New details revealed in DA's city contract probe

HOUSTON Millions of dollars are at stake in this investigation because that's what companies who get the city's security contracts are paid.

Walk into Houston City Hall, and the first guy you'll see works for Wackenhut Security. You'll pass by metal detectors as surveillance cameras watch you. All are part of the expensive security at city-owned buildings.

[ See the full confrontation as Wayne Dolcefino approached Jarvis Johnson ]

Guards even keep watch at some of our parks now.

Wackenhut Security is the company in charge. They have two contracts worth $66 million. By law, Wackenhut has to give a piece of those contracts to go to woman- or minority-owned firms. That's also worth millions.

"So we don't get involved in the decision between the prime with regards to what subcontractor they're going to use," said Velma Laws, the city's affirmative action director.

Wackenhut was looking to replace the subcontractor they'd already chosen for Elite Security. By their admission, Elite Security had no income in February 2009. The company was operating out of an apartment, but Wackenhut was set to hire them anyway.

Councilman Jarvis Johnson then met with Wackenhut. The following week, an email to a Johnson aide said, "Please let him know that G4S Wackenhut is meeting with Elite Protective next week to work on the details of our partnership."

One requirement for Elite is certification from the mayor's affirmative action division, a process that could have lasted up to 30 days.

Emails show Councilman Johnson's office was clearly trying to help expedite the process for Elite.

"We definitely don't want any qualified subcontractors to miss an opportunity if they qualify," one email stated.

Three days later another email from Johnson's chief of staff said, "Councilman Johnson just received word that Wackenhut is getting ready to select another minority contractor because Elite's certification is not verified at this time ... Is this something we can get done today ... I need to brief my boss..."

Elite got its clearance and the potential millions of dollars in taxpayer money that went with it.

The affirmative action division denies special treatment.

"I want to talk to you about Elite Security," 13 Undercover told Johnson during a confrontation.

"You've already called and asked me enough questions, little Wayne," Johnson responded.

"I know we have enough information to show we have clean hands, and that's all I worry about," Elite's lawyer, Crystal Moody, said.

Elite claims it got the contract on its own, but now we know someone very close to Councilman Jarvis Johnson had been advising Elite. His name is Michael Harris.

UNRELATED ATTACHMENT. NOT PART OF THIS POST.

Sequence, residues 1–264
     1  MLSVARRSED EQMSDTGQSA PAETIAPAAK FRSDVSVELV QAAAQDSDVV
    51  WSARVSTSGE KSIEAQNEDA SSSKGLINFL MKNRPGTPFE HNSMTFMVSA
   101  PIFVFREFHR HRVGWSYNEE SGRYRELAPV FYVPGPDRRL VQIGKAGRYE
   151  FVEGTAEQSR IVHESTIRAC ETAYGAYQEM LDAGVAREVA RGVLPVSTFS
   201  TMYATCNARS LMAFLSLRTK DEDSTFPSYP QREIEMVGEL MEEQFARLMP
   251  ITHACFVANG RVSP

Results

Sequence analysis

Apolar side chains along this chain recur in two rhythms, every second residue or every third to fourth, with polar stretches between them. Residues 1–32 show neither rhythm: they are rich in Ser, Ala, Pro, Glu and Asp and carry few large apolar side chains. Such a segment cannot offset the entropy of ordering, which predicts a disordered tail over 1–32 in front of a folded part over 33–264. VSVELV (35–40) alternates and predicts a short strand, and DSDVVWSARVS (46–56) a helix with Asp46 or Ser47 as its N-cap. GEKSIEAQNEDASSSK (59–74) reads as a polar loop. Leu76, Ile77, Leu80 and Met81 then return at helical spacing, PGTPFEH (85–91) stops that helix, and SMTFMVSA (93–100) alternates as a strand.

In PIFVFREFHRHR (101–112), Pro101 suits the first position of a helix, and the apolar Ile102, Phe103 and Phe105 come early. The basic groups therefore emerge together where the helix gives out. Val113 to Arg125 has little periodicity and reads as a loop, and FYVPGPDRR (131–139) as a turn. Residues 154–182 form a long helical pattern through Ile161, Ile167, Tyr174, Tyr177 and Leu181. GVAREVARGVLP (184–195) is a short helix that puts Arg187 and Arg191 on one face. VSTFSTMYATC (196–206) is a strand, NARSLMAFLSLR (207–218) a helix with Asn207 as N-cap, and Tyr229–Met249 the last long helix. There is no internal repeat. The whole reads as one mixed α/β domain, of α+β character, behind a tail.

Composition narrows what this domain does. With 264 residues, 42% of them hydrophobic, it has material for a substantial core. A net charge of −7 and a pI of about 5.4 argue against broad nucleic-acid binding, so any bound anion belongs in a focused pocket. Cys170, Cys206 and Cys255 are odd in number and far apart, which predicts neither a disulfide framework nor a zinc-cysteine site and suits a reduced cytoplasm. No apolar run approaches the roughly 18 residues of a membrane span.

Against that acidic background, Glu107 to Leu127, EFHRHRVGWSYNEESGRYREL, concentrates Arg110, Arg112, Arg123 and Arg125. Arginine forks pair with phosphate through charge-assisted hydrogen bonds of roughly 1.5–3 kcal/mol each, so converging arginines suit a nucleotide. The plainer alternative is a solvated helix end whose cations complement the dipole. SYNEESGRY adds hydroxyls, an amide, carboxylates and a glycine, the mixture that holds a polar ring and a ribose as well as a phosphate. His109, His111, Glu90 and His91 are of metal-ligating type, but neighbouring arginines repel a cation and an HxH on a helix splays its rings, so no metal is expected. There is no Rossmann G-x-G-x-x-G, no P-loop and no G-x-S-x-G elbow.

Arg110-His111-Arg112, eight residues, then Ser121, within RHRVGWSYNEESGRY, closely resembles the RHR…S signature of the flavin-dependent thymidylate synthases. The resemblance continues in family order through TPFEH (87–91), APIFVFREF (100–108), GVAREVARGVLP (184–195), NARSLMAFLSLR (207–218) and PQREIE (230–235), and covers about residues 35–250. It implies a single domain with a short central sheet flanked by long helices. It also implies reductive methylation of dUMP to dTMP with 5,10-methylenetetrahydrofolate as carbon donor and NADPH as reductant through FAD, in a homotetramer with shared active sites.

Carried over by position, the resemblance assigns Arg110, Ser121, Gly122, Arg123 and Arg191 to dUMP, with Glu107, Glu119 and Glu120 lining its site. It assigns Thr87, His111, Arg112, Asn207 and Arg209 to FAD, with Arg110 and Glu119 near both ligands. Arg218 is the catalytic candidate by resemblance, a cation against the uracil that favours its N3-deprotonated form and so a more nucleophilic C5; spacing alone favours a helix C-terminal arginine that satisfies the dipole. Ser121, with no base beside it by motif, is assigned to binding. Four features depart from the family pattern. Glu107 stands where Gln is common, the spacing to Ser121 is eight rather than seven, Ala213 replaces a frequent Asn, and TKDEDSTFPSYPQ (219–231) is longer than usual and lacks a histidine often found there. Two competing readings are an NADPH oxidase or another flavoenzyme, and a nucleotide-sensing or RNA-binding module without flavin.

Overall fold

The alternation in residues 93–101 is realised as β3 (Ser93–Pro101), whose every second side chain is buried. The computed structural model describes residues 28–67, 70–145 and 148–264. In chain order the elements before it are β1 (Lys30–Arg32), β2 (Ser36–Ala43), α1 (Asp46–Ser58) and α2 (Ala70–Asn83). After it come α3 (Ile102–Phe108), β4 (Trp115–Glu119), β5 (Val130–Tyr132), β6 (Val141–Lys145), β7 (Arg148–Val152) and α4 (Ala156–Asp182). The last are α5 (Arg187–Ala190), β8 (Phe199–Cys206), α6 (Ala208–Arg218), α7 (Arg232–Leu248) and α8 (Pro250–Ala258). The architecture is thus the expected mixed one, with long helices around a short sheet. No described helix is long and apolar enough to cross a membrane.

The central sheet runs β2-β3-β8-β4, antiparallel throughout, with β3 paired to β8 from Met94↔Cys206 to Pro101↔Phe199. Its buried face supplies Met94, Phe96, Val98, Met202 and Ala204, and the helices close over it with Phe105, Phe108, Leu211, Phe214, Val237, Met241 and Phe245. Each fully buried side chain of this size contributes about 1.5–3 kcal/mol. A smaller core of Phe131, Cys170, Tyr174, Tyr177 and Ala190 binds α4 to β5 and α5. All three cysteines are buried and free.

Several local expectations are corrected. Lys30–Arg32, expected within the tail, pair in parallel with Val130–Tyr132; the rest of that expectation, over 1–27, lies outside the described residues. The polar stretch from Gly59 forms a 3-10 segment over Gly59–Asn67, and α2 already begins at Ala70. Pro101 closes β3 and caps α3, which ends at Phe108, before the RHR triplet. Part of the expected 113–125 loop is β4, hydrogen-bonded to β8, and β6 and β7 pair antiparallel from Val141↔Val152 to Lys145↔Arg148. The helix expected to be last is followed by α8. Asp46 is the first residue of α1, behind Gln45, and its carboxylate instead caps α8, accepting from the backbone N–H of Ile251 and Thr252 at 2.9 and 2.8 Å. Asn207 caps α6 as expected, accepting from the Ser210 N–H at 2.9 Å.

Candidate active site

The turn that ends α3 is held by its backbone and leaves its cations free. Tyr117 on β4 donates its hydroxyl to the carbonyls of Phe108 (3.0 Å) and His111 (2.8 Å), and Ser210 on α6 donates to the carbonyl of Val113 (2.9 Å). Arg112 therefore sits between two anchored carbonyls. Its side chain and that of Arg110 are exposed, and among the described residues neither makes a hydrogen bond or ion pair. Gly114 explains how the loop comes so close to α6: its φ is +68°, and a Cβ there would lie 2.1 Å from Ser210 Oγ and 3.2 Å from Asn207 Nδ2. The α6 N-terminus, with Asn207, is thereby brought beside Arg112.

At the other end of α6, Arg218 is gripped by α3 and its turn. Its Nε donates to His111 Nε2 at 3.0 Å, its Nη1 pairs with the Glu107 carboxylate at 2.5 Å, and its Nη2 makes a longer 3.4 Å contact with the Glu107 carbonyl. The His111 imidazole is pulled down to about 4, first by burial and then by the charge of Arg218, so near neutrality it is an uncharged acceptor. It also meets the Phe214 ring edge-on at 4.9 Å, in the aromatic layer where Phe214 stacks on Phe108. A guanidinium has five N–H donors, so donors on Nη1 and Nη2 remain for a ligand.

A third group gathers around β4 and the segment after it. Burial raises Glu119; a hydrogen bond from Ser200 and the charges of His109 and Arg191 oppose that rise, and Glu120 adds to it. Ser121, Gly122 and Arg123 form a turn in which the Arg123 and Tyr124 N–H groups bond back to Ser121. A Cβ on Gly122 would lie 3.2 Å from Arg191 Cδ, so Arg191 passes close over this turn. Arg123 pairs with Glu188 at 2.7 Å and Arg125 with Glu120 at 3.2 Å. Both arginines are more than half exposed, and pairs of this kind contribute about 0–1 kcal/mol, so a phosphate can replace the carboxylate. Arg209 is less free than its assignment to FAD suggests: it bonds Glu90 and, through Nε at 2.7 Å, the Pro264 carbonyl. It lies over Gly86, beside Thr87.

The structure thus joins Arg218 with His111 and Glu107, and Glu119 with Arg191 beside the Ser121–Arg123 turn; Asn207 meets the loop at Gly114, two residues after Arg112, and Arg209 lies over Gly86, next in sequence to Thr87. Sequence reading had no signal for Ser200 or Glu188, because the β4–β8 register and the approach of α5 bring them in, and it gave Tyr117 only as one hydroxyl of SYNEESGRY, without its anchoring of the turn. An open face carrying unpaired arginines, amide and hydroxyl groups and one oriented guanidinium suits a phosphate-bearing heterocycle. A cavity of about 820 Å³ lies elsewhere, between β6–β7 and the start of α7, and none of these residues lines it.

Johnson has described Michael Harris before as his adviser, friend and current criminal lawyer.

"When I watched your show, it made a lot of sense," Moody said. "It brought a lot of answers to a lot of questions that we had."

Harris got 40 percent of the company in March for just $10,000. A month later, the city approved Elite for its first security contract. The company could end up making millions.

"I'm not answering any more questions from you," Johnson told 13 Undercover. "There is no DA investigation. I really appreciate you coming by today. Thank you so much. Take care of yourself now."

We've told you in recent weeks that the councilman recommended construction company Jamail & Smith to developers with city projects. Who's its consultant and lawyer? It's Harris.

Confront the councilman and you get this.

"Are you drunk or high right now? Because I can't answer any questions from anybody who is drunk or high," Johnson asked me.

State police require security companies to register all their owners. Houston's affirmative action requires companies to register all their owners, too. But records show Michael Harris was never registered his nine months as owner.

"Does that raise any concerns to you?" 13 Undercover asked Laws.

"Yes," she responded.

But Harris resigned from the company before affirmative action found out, but that hasn't stopped Wackenhut from trying to get rid of Elite anyway.

The affirmative action office has turned down their attempts.

"Unfortunately, you get caught up in the politics of it all," Laws said. "Unfortunately it is who you know. It's not what you know. It's not how good you are at the job or anything like that."

"I appreciate what you're talking about, little Wayne. I appreciate everything you're talking about, but right now, let's talk about how to improve the quality of life in our neighborhoods," Johnson told 13 Undercover.

Wackenhut has complained political pressure is behind the city's refusal to let them drop Elite from the contract. The city denies that, but now we've learned City Hall is reviewing how affirmative action referees contracted disputes.
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